The Presidency of the European Union is like a relay race. You have your part of the track, at which you have to do your best, but on the other hand, the race is a collective matter and you cannot do without a close cooperation with the others. You have to takeover the relay baton and to hand it over duly as well. We were taking over the Presidency from the French and handing it over to the Swedish, and long before we started running on January 1, we had been preparing so that the run, or rather the sprint of ours - as the six months went by unbelievably quickly - was as efficient as possible.
The EGAP was delegated by the Ministry of Industry and Trade to preside over the Council Working Group on Export Credits. Based on our many years of practice we were well aware what was in store for us. We knew that we would be coordinating and coordinating again and that we would fail to achieve the desired state, in which the representatives of all twenty-seven EU member states share the same opinion on the respective matter, which would be subsequently presented by the European Commission on behalf of the European Union at the OECD meeting held to consider the rules for the state subsidy to export included in the OECD Consensus. In addition, we strictly adhered to the three programme priorities of the Czech Presidency, which were Economy, Energy and EU in the world.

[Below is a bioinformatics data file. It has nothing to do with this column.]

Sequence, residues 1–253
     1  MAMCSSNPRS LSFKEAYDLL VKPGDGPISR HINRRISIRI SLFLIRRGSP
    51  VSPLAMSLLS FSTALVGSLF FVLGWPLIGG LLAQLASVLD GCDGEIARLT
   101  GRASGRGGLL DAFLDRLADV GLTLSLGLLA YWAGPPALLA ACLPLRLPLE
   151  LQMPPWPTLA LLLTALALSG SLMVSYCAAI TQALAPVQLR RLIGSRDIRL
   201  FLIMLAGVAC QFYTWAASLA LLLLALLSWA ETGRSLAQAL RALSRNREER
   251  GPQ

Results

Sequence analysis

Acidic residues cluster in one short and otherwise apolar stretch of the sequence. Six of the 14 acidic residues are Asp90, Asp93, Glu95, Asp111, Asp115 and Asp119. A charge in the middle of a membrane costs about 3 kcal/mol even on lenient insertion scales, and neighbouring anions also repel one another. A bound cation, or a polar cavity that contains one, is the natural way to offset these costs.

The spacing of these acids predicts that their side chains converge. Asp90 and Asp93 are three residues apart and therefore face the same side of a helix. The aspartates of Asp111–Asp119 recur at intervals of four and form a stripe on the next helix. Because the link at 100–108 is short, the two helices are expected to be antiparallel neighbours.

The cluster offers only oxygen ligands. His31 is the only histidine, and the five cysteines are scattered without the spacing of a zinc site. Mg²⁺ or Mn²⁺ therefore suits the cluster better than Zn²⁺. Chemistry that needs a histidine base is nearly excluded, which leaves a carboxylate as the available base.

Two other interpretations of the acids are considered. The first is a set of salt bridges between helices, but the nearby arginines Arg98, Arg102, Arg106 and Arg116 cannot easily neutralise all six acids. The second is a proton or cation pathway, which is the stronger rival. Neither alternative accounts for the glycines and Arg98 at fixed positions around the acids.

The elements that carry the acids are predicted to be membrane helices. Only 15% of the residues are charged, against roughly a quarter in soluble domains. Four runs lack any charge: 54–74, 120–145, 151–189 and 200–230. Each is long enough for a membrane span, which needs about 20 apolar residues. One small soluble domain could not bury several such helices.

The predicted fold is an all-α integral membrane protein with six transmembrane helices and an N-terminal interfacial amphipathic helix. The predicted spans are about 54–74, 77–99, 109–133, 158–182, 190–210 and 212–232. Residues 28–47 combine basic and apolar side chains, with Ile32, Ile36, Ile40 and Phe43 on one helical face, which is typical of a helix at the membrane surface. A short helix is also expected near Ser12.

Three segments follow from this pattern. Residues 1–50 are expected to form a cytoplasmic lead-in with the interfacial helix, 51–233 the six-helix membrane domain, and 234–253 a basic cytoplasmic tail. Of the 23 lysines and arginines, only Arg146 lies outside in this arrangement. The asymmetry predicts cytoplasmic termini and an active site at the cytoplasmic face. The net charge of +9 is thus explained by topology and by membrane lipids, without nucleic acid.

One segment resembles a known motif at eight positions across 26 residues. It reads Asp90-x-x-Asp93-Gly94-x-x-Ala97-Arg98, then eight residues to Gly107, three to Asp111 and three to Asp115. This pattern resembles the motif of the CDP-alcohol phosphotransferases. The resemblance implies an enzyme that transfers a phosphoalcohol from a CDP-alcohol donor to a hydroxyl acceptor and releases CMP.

We achieved high scores in all the three priorities and the highest score was achieved in energy sector although few people might have been expecting such a result at the beginning. For many years there had been a hard fight within the Council Working Group on Export Credits between supporters of improved conditions for renewable resources on the one hand and supporters of the same for nuclear resources on the other hand. They had been clinched and it had seemed that the Sector Understanding on Export Credits for Renewable Energies and Water Projects upon expiration of the trial period at the end of June would not only fail to become a permanent part of the OECD Consensus but also be cancelled completely. And so we were coordinating, negotiating and preparing a path to a compromise patiently. The path was very complicated, sometimes too narrow, sometimes it looked like an obstacle course, however, at the eleventh hour, we were able to reach the finishing tape. As from July 1, 2009, it is possible to finance both exports of equipment for renewable resources and exports of equipment for nuclear facilities by means of export credits with maturity time limits of up to 18 years as from the date of completion, with 18-month postponement of the first instalment and with a wide range of other advantages, including lower interest rates. This concerns a great and indisputable success of our Presidency.